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Back-filing CTR Instructions
Answer by Ken Golliher, BOL Guru

Question: Are there instructions and forms for back-filing CTRs and specific information or examples as to when back-filing is required?

Answer: I am not aware of any FinCEN resource that discusses backfiling. FinCEN generally addresses it on a "case by case" basis. The following is compiled from a recent thread to which Retread and others were substantial contributors.

"backfiling" is the term usually used in the circumstance where a bank has failed to file one or more required currency transaction reports. (Failure to file even a single currency transaction report is a significant violation.) In essence, the bank is attempting to decide whether it is necessary to file the forms late (backfile) or whether a formal waiver from backfiling can be obtained.

The possible need for backfiling generally arises in three circumstances:

* Due to an internal error or oversight, a bank fails to file a CTR on a customer that does not meet the definition of an "exempt person" under phase I or phase II of the BSA regulations. Oftentimes the error is discovered in a routine audit.

*A bank has mistakenly recognized a customer as an exempt person by filing a Designation of Exempt Person form under inappropriate circumstances. Accordingly, one or more CTRs required by law were not filed.

*A bank has correctly recognized a customer as an Exempt Person under Phase II, but it has failed to file a biennial renewal of the form. In essence, the exemption lapsed and one or more CTRs required by law were not filed.

In the first example, a simple failure to file where there was no confusion regarding the customer's exemption, backfiling is essential. There is no possibility of a waiver. The missing CTRs should be filed as soon as possible. The general suggestion is that you attach a memo to your file copy explaining how the error occured, how it was discovered and what steps were taken to assure that it will not happen again. (Some would attach the memo to the forms themselves, but in Detroit they are seen only by clerical personnel and my assumption is they do not care - the memo attached to the file copy will be of interest to regulatory personnel and auditors.)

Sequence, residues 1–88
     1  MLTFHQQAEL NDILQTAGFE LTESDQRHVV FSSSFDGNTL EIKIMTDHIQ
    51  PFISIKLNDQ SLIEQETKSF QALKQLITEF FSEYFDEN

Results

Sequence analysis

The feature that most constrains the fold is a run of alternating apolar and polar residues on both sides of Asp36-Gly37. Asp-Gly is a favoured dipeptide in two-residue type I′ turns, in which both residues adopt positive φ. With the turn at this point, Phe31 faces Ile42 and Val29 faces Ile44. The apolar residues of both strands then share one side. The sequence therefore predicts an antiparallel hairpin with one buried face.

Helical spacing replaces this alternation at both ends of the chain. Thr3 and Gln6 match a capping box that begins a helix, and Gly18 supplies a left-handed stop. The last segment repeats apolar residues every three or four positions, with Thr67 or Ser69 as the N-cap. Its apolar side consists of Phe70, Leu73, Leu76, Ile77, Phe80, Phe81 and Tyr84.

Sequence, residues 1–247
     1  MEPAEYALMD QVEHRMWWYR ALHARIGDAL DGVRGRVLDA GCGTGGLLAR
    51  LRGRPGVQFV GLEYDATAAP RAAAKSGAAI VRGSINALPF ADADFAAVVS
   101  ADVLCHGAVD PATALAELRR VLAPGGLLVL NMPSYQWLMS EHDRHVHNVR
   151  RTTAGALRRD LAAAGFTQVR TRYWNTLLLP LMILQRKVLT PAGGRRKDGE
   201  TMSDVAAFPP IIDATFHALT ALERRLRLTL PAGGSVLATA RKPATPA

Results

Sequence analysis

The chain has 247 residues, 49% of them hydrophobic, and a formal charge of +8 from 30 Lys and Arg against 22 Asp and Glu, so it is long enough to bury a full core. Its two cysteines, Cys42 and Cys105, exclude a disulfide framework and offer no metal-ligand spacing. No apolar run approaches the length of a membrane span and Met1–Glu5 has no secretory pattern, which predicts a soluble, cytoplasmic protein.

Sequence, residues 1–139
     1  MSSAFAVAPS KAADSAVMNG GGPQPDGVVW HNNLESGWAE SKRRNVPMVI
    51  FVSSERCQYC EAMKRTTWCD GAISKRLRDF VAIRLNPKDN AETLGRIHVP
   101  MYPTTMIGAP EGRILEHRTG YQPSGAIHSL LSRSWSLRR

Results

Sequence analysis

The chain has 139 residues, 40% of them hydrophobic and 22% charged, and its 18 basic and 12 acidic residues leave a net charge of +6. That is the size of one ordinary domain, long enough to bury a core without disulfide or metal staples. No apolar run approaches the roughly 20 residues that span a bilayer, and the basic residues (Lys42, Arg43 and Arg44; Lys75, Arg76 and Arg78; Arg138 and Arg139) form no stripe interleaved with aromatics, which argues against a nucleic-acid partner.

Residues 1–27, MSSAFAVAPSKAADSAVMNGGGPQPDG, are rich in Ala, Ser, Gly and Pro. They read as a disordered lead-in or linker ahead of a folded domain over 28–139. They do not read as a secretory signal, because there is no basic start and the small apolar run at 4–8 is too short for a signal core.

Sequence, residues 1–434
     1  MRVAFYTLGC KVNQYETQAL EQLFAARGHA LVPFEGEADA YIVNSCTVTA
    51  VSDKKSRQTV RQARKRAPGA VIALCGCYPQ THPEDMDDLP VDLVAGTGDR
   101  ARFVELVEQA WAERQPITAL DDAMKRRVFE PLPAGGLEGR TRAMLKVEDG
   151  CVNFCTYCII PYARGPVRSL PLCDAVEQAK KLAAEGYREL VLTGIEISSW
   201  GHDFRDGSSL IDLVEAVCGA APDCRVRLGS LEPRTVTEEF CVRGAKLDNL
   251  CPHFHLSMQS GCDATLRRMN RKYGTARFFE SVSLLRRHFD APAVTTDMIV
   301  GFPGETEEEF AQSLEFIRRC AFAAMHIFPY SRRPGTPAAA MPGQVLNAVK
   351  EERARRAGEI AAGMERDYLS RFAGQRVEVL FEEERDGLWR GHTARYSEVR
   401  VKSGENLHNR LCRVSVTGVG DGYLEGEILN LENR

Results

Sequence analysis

In the second example, there simply was no exemption because the customer never met the example of an exempt person. For example, the customer is a private school, but the bank filed a Designation of Exempt Person Form. Regardless of the filing, the customer is not an exempt person - all of its transactions were reportable and each missing CTR is a violation of law.

In the third example, an exemption was properly granted; i.e. the customer met the definition of an exempt person under Phase II and the Designation of Exempt Person form was properly filed. However, a Phase II exemption must be renewed on a biennial basis. If it is not renewed the exemption expires. The customer is no longer recognized as an exempt person - all of its transactions were reportable and each missing CTR is a violation of law.

In the second and third scenarios, a bank should contact FinCEN at 800.800.2877 and ask for assistance in making a "backfiling determination." FinCEN will send a form with instructions for the bank to follow. The one sent to one of my clients was called "Depository Institution Check List (sic) for backfiling Determination." It showed a Revision date of 8/00. The form is "casual" at best; it is a multi-generation photocopy.

The form asks about the time frame in which CTRs were not filed and asks for an estimate of both the number of CTRs involved and the time that would be necessary to backfile them. It also asks about the accountholder. Questions include a general query on the nature of the accountholder's business, but there are also specific questions about whether the account holder is a Western Union agent, sells money orders, cashes checks, etc.

The bank is instructed to complete the form and file it promptly. In response, Treasury will issue a backfiling determination instructing the bank as to whether backfiling is necessary. Whatever that instruction is, the bank should follow it. Whether the bank is told to backfile or is granted dispensation from backfiling, involving FinCEN in the process is absolutely critical. Acting in accordance with FinCEN's specific instructions should prevent the bank from being criticized in subsequent examinations.

Mistakenly failing to file a CTR might be classified as negligent. Deciding not to file a CTR just because it would be late is not negligence. It is intentional, and triggers considerations of criminality and much larger fines.

First published on 08/02/04

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